Shane Snyder is a Professor of Civil & Environmental Engineering and is the Executive Director of the Nanyang Environment & Water Research Institute (NEWRI) at Nanyang Technological University (NTU) in Singapore. Professor Snyder also maintains his affiliation with the College of Engineering at the University of Arizona. He has also worked as a Visiting Professor at the National University of Singapore (2011-2017).
For over 20 years, Shane’s research has focused on the identification, fate, and health relevance of emerging water pollutants. He has been invited to brief the Congress of the United States and served on the national expert panels , including the EPA’s Science Advisory Board drinking water committee and the US EPA’s Board of Scientific Counselors Sustainable Water committee. He is a Fellow of the International Water Association and a member of the World Health Organization’s Drinking Water Advisory Panel. He was also a member of the US National Academy of Science’s National Research Council Committee on Water Reuse and served on the WHO’s guiding committee on development of potable reuse guidelines.
Today, Shane dedicates much of his time advancing safe water and sanitation within underserved communities in South and Southeast Asia. The philanthropic team led by Shane has benefited more than two million people by translating academic research into practical environmental solutions. He is passionate in advancing sustainable water technologies to protect both public and environmental health.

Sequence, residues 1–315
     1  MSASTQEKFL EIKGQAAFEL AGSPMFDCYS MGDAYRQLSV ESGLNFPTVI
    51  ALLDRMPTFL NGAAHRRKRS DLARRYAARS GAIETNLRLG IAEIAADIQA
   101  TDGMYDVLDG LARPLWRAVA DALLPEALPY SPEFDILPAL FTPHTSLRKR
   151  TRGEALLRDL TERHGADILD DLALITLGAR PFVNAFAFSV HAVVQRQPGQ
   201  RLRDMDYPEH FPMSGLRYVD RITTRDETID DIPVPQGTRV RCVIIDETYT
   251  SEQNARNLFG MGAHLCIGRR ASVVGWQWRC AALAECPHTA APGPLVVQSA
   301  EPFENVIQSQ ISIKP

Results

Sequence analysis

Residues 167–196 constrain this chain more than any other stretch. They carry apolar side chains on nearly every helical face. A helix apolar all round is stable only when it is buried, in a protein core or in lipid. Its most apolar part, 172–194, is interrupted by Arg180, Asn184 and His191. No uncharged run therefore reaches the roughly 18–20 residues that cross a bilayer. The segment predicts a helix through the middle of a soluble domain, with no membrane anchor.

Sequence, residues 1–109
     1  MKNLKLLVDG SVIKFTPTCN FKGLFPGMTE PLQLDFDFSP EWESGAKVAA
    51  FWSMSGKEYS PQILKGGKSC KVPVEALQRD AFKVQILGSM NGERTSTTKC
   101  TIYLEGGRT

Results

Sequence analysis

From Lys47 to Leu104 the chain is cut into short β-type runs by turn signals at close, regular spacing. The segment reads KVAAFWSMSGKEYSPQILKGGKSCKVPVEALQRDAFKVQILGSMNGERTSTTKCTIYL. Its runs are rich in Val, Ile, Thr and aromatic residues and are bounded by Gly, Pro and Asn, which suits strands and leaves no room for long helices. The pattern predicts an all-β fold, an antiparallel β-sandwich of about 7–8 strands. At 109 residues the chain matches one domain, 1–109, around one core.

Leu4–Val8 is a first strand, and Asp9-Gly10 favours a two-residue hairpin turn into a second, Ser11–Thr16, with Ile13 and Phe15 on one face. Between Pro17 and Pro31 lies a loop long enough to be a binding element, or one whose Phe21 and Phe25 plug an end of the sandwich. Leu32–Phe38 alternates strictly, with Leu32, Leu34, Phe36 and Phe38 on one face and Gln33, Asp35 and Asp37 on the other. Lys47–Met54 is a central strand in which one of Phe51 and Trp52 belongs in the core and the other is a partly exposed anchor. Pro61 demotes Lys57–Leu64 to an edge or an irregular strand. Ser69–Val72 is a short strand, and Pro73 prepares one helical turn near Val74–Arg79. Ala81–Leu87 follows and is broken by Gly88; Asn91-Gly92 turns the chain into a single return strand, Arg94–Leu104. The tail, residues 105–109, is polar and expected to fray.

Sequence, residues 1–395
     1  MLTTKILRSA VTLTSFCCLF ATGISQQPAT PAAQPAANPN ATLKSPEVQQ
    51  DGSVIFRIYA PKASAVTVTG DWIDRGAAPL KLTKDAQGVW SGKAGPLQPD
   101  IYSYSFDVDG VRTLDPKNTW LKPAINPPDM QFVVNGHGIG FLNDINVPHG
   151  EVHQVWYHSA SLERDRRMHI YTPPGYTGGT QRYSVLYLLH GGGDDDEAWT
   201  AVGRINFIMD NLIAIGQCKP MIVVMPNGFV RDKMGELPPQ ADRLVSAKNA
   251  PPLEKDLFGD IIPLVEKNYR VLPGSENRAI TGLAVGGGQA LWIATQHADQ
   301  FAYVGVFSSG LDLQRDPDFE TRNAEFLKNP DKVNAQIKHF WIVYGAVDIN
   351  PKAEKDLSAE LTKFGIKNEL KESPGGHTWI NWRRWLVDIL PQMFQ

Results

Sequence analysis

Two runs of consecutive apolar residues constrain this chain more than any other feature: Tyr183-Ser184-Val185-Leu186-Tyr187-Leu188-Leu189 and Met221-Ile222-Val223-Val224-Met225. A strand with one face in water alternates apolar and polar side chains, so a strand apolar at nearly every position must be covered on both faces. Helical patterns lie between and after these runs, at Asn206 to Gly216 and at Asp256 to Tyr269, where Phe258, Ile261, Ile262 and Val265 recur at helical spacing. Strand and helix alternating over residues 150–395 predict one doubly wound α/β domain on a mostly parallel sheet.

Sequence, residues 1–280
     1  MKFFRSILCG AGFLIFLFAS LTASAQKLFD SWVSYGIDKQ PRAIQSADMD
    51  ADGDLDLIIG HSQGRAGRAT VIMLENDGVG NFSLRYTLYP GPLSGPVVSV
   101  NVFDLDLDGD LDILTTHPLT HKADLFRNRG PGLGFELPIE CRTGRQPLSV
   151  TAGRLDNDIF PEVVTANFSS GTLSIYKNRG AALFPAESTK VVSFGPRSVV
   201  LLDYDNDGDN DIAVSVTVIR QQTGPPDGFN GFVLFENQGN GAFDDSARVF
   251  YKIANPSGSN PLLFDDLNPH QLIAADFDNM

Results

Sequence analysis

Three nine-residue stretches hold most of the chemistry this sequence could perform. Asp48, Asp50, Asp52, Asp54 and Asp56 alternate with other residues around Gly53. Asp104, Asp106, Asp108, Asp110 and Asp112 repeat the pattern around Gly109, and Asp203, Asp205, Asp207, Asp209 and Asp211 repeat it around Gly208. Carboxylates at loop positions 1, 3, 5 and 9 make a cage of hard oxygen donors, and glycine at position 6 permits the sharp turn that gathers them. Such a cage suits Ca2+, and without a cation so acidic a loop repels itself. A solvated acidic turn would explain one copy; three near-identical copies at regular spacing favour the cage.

Christina Schönleber, Senior Director, Policy and Research Programs at the Association of Pacific Rim Universities has extensive expertise in translating research to impact. She holds responsibilities for developing and growing APRU’s strategic policy impact to address pressing regional challenges through the association’s key program areas working closely with leading scientists and policy makers in the Asia Pacific. Christina joined APRU from the innovation and enterprise leadership of the Royal College of Art and the University of Kent. As Head of Knowledge Exchange at the RCA in London, she set up and implementing the college’s strategic capabilities in applying latest knowledge and expertise to solve societal, environmental an economic issues. She led the development and submission of the RCA’s first major Innovate UK application gaining funding for multi stakeholder/ multi year collaboration on driverless vehicles and set up new strategic partnerships with major international corporations such as Huawei and Tata Consultancy Services. At the University of Kent, Christina led the university’s strategic enterprise development in key areas of science and social science. In this role, she set up the university’s first student start up and enterprise schemes, forged new cross disciplinary research collaborations with key partners in the security and information sectors and developed lasting strategic partnerships with government and industry. Following this she worked as a business development consultant in Hong Kong, developing Sino-German business links.